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Victor Hugo believed that the printing press killed beautiful architecture, that when people started writing their stories in books they stopped carving them in buildings.  I am reminiscing about my Paris trip taken several years ago, particularly the afternoon we spent just sitting outside of the magnificent Notre Dame taking it all in: the hand-carved statues and gargoyle rain spouts, the magnificent flying buttresses, the intricately detailed ornamentation… As much as I love books, I do believe Hugo was onto something.

Loving The Luminaries

luminaries

I just began Eleanor Catton’s “The Luminaries,” winner of the 2013 Man Booker prize, and am loving it.  I received it as a Christmas gift and can’t believe its taken me this long to settle into it. Has anyone else read it?

Meeting on the Roof of the World

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“Our business was to fight the mountain, not to worship it.”

It’s no secret I’m a huge George Mallory fan. And its through reading about him that I’ve come to have a great appreciation for all of the early British explorers, including John Baptist Lucius Noel. A mountaineer, photographer and filmmaker, Noel in 1922 and 1924 captured Everest in photographs and motion picture at heights thought impossible. For the 1924 expedition, he bought all photographic rights from the Everest Committee at a staggering £8,000, helping to fund the trip.

The British Film Institute last year restored and re-released Noel’s incredible 1924 documentary, ‘The Epic of Everest.’ Filmed in the coldest, highest and harshest of circumstances (-30 degrees at 23,000 feet), the documentary chronicles the fateful exploration where Mallory and Sandy Irvine lost their lives. It’s an up-close look at the conditions on Everest and one of the first looks on film at Tibet. Seeing the dramatic Everest footage is amazing. Seeing Mallory in motion picture is, well,…swoon…

In anticipation of the movie’s arrival, I read Noel’s book, ‘Through Tibet to Everest,’ written shortly after the 1924 expedition.  Noel first traveled to Tibet in 1913 and was able to get as close as 40 miles near Everest before being forced at gunpoint to leave–a feat in that day since it was not legal for foreigners to travel within the country. Tibetans lived their lives according  to horoscopes, superstitions, demons and gods. They shunned outsiders, technology and progress (an earlier explorer who trailed a telegraph line behind him told the locals it was string for him to find his way home, so they would not destroy it). They worshiped Everest as the Mother Goddess of the World. In Noel’s book, he talks about the merging of the Tibetans and British explorers with the 1924 expedition: “This was the country and these the people among it whom we wished to penetrate with a scientific expedition,” said Noel. “The inert East and the inquisitive impertinent West were there to meet on the roof of the world.”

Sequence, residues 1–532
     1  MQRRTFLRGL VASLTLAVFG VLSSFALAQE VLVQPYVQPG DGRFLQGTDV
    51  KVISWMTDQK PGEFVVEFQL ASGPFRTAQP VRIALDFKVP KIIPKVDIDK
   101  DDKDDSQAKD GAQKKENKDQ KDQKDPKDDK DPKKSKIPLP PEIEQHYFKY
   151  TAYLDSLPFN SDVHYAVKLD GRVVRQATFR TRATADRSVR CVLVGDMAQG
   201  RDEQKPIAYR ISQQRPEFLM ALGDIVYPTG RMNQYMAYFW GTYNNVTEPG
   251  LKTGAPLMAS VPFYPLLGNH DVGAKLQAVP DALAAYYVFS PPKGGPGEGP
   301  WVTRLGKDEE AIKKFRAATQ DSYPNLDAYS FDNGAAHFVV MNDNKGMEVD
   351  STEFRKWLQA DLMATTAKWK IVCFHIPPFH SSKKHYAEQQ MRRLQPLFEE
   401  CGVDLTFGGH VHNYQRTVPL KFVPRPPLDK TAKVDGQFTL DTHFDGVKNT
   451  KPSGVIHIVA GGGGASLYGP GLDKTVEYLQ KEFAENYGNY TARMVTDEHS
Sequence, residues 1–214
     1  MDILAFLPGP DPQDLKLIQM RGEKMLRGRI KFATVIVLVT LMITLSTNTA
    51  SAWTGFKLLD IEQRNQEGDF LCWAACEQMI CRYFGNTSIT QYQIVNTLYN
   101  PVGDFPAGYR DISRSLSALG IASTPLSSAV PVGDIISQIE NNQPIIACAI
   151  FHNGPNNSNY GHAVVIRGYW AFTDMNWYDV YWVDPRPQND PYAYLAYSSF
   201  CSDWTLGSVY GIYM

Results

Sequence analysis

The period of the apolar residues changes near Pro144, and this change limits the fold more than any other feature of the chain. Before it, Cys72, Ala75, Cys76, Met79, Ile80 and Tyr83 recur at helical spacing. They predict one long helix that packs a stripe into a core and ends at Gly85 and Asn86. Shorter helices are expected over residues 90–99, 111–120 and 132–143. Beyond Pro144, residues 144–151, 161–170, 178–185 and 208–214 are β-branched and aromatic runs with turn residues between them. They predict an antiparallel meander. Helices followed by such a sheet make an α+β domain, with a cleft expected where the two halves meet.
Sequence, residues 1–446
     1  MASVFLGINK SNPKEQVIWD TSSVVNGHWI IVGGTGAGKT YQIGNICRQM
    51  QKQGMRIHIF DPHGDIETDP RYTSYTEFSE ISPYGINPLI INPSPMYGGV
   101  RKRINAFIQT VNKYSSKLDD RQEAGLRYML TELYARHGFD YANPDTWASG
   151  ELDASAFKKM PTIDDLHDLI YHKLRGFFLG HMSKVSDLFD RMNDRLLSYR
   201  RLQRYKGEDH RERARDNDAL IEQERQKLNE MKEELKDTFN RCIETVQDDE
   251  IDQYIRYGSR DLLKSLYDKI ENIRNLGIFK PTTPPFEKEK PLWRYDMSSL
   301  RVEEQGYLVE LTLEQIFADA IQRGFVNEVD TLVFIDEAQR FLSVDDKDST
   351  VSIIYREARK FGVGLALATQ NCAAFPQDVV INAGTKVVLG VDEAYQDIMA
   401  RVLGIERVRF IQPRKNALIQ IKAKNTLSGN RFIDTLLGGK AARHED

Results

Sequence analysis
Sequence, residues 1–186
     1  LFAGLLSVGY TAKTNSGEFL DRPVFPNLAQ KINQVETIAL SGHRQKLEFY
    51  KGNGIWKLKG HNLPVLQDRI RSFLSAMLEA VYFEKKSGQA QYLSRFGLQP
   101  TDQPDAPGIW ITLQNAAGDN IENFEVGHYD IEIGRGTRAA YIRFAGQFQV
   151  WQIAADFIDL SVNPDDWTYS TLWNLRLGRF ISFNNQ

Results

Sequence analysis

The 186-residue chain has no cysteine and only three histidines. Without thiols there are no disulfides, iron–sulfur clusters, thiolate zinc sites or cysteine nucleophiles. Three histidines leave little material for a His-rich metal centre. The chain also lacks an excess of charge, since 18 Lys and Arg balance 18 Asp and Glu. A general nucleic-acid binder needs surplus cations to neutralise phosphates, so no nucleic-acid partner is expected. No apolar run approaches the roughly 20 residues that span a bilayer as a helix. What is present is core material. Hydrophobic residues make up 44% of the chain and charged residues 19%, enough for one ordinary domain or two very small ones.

Noel’s is a fascinating read and incredible documentary. I highly recommend both.

Classic Club Spin–David Copperfield it is

copperfield-01

So, 20 is the magic number, which  means ‘David Copperfield’ is my Classic Club Spin book to read by April 2 (see how it works below). The Classic Club decided on this lucky number today. I’m actually excited about this. I’ve picked it up before, and actually got about 100 pages into it, but had to leave it for something else that was pressing at the time.

Original post below:

I am participating in the Classic Club Spin #5 throughout Feb. & March. The goal is to read a classic that’s been on your to-do list for a while. Simply, you numerically list 20 books and come Feb. 10, CC will throw out a number. That’s the book you read! More detailed rules are below.

And my 20 are:

1.      Oliver Twist

2.      Howard’s End

3.      Watership Down

4.      Rabbit, Run

5.      The Scarlet Letter

6.      The Hound of the Baskervilles

7.      Shakespeare’s Sonnets

8.      Picture of Dorian Gray

9.      Jude the Obscure

10.  Villette

11.  Mayor of Casterbridge

12.  Age of Innocence

13.  The Bride of Lammermoore

14.  Saturday Night & Sunday Morning

15.  Mrs. Dalloway

16.  The Bell Jar

17.  Little Women

18.  Of Mice and Men

19.  For Whom the Bell Tolls

20.  David Copperfield

CC Rules:

It’s easy. At your blog, by next Monday, Feb 10, list your choice of any classic 20 books.

This is your Spin List. You have to read one of these 20 books in February & March. (Details follow.) So, try to challenge yourself. For example, you could list five Classics Club books you are dreading/hesitant to read, five you can’t WAIT to read, five you are neutral about, and five free choice (favorite author, rereads, ancients — whatever you choose.)

Next Monday, we’ll post a number from 1 through 20. The challenge is to read whatever book falls under that number on your Spin List, by April 2. We’ll have a check in here in April, to see who made it the whole way and finished the spin book.

Twitter hashtag: #ccspin

Classic Club Spin–What Will You Read?

classicsclub.jpg w=474

I am participating in the Classic Club Spin #5 throughout Feb. & March. The goal is to read a classic that’s been on your to-do list for a while. Simply, you numerically list 20 books and come Feb. 10, CC will throw out a number. That’s the book you read! More detailed rules are below.

And my 20 are:

1.      Oliver Twist

2.      Howard’s End

3.      Watership Down

4.      Rabbit, Run

5.      The Scarlet Letter

6.      The Hound of the Baskervilles

7.      Shakespeare’s Sonnets

8.      Picture of Dorian Gray

9.      Jude the Obscure

10.  Villette

11.  Mayor of Casterbridge

12.  Age of Innocence

13.  The Bride of Lammermoore

14.  Saturday Night & Sunday Morning

15.  Mrs. Dalloway

16.  The Bell Jar

17.  Little Women

18.  Of Mice and Men

19.  For Whom the Bell Tolls

20.  David Copperfield

CC Rules:

It’s easy. At your blog, by next Monday, Feb 10, list your choice of any classic 20 books.

This is your Spin List. You have to read one of these 20 books in February & March. (Details follow.) So, try to challenge yourself. For example, you could list five Classics Club books you are dreading/hesitant to read, five you can’t WAIT to read, five you are neutral about, and five free choice (favorite author, rereads, ancients — whatever you choose.)

Next Monday, we’ll post a number from 1 through 20. The challenge is to read whatever book falls under that number on your Spin List, by April 2. We’ll have a check in here in April, to see who made it the whole way and finished the spin book.

Twitter hashtag: #ccspin